How your diet can help you beat injury

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Studies show the body may use up to 15% more energy to aid recovery, so think twice before cutting back

It's not just for fuel on the court - your diet could help you recover from injury

If you play tennis on a regular basis, you are probably well versed in the age-old treatment for a muscle sprain – rest, ice, compression and elevation. But did you know that the food you are eating could also help prevent muscle sprains, and speed up the healing process when injury does strike? Whether it’s a knee, calf, shoulder or back injury, most players have encountered injuries in one form or another. It might be a mild sprain or require surgery, but either way the body needs the right nutrients in order to recover. 

Any player’s diet should include plenty of whole-grains, vegetables, fruit and lean protein to provide a wide range of nutrients, which are vital to maintain good health, offset oxidative stress and maintain strength. A good, balanced diet will hopefully help to avoid injury.  But if you do find yourself sidelined, your diet can play a big part in your recovery. By understanding what your body is going through, you can learn what it needs to help it heal. 

A common reaction to injury is to cut back on the number of calories consumed.  After all, if you can’t train, you don’t need as much energy, right? Think again.  Studies show that as the body heals it uses more energy to aid recovery, potentially increasing energy needs by 15%, and where bone breakages are concerned there may be a potential additional 20% increase in energy demand. This can mean that the calorific requirement may be more than anticipated, so think twice before cutting back – just make sure that all your calories come from nutrient-dense foods: fruit and vegetables, whole-grains and lean protein.

There is a natural cycle of activity that takes place to help the body through the four stages of recovery – the acute phase, followed by three stages of healing – inflammatory, proliferation and remodeling. Research shows that each of these stages benefits from a specific and appropriate intake of vitamins, minerals and amino acids (protein).

During the acute phase the body responds to the injury by increasing the flow of blood to the site of injury. This brings in immune antibodies, which can start to help the healing process, removing damaged tissue. This is why we often see reddening and swelling around an injury.   This reaction quickly turns to the first stage of healing: inflammation, which can last for several days, depending on the injury.  The immune response continues and fluid continues to collect in the area. This is a perfectly normal reaction, but if not moderated by the body, can slow down the healing process.

During the inflammation stage, pay attention to your fat intake. Saturated fats – those found in processed meats such as ham, bacon, salami, pate, plus baked goods such as cakes, biscuits, croissants – can increase the inflammatory state in the body so should be avoided. Instead focus on eating oily fish, avocado, olive oil and nuts and seeds, which are rich in omega-3 and unprocessed omega-6 fatty acids and have an anti-inflammatory effect.  Adding spices into your diet can also provide anti-inflammatory compounds: turmeric, ginger, garlic and bromelain (found in pineapple) can all be positive aids.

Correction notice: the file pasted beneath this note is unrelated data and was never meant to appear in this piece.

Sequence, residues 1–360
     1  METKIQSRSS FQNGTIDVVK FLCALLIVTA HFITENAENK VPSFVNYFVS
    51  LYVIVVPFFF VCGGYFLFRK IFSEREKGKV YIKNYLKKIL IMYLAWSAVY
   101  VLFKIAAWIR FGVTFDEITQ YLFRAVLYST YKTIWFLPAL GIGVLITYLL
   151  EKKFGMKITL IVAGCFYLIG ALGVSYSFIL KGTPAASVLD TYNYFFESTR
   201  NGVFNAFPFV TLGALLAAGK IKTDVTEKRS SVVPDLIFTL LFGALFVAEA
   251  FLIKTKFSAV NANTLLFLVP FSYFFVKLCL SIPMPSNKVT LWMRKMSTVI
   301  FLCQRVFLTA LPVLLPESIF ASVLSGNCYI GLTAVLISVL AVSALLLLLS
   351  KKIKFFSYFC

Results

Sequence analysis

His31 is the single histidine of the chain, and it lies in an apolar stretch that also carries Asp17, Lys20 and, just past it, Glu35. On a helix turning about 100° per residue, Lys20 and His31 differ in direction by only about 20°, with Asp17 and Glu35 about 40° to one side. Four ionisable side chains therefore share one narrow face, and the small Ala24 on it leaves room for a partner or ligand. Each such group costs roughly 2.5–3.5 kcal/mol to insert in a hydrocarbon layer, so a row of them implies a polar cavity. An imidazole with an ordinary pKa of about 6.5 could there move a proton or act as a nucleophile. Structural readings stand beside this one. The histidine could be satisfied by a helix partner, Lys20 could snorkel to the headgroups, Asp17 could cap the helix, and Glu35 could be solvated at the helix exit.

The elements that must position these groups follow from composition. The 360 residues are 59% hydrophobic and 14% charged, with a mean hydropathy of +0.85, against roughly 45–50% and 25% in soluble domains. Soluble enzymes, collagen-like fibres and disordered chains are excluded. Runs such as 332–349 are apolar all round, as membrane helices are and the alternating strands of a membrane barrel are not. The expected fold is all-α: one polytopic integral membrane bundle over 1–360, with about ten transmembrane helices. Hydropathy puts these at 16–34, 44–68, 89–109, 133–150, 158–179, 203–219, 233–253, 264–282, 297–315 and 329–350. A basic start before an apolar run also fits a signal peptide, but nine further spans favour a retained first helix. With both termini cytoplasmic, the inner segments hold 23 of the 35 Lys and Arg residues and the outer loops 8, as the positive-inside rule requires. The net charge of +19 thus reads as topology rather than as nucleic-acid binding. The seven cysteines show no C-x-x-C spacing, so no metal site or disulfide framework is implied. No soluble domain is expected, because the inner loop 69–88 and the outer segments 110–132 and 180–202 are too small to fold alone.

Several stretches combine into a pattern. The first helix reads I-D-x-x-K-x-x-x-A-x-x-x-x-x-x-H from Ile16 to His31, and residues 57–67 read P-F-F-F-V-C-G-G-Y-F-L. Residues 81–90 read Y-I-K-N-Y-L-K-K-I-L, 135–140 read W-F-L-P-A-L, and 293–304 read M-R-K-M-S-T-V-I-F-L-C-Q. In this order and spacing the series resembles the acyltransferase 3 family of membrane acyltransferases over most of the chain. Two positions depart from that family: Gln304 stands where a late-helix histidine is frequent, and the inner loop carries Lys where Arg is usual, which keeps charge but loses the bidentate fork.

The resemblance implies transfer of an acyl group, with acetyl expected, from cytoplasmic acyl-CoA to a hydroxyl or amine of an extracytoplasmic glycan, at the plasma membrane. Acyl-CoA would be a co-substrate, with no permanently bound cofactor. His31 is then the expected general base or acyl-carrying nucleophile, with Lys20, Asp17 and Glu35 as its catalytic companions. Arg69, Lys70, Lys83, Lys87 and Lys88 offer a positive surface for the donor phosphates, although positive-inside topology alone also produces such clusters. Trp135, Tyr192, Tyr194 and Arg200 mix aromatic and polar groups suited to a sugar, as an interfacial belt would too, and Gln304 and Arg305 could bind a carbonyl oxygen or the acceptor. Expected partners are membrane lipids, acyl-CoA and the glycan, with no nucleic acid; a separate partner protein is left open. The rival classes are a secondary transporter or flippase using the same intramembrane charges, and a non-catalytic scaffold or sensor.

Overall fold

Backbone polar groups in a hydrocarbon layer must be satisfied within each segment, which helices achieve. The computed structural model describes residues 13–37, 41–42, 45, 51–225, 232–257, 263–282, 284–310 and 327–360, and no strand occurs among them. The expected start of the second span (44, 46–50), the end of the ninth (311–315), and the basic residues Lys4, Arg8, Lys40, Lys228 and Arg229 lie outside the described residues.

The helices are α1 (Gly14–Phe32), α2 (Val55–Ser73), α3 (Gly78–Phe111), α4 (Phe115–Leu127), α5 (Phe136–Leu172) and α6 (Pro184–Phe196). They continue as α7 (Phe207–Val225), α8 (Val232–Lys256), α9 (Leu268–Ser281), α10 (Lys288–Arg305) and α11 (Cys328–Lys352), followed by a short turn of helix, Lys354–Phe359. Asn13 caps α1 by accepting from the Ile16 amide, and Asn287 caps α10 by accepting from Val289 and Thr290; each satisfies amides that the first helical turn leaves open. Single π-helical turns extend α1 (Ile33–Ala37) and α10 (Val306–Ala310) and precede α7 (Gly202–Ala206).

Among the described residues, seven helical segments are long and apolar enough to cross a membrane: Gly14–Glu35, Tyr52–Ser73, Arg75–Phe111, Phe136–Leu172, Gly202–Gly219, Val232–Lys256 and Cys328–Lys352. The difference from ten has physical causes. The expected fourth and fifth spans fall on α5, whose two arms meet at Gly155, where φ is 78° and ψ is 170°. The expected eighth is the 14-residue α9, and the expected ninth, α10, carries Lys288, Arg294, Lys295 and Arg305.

After inflammation comes proliferation, which can last for several weeks. This is where the body starts to lay down the new tissue, collagen, to replace that damaged during the injury, whether skin, muscle or ligaments. During the proliferation stage, as well as maintaining the anti-inflammatory foods, make sure that you eat plenty of protein to help build new tissue. In order to enable the body to convert this protein into collagen you’ll need a good intake of vitamin C.  Broccoli, bell peppers, tomatoes and cabbage are all rich sources – better, in fact, than citrus fruits.  

Other nutrients closely associated with collagen repair include vitamin A and zinc. Deficiency in either can result in slow tissue recovery. Sources of vitamin A include liver, cod liver oil, green leafy vegetables, carrots, sweet potatoes and butternut squash. Zinc can be accessed from oysters, beef, liver, with small amounts in almonds, brazil nuts and pumpkin seeds.  

Finally, the remodeling phase takes over, during which the new tissue created during proliferation is reinforced by fibroblast cells to build back the strength and stability that may have been missing during the earlier stages of recovery. Having worked hard to plan these nutrients into your diet, absorbing them is essential, so avoid drinking caffeine or alcohol as these can inhibit digestion and absorption of vitamins and minerals. The human body possesses a remarkable ability to repair itself, but it needs the tools to do so. Eat the right diet, and you should be back on the court in no time.

Posted by: Sarah Brown, Nutritional Therapist

Sarah Brown is principal of Good Food Works Nutritional Therapy www.goodfoodworks.co.uk.She has a particular interest in functional sports nutrition and digestive health, and provides personal consultations, coaching clients to reach their health goals by optimising their nutritional choices. She works in clinic at Pure Sports Medicine in south-west London.www.puresportsmed.com

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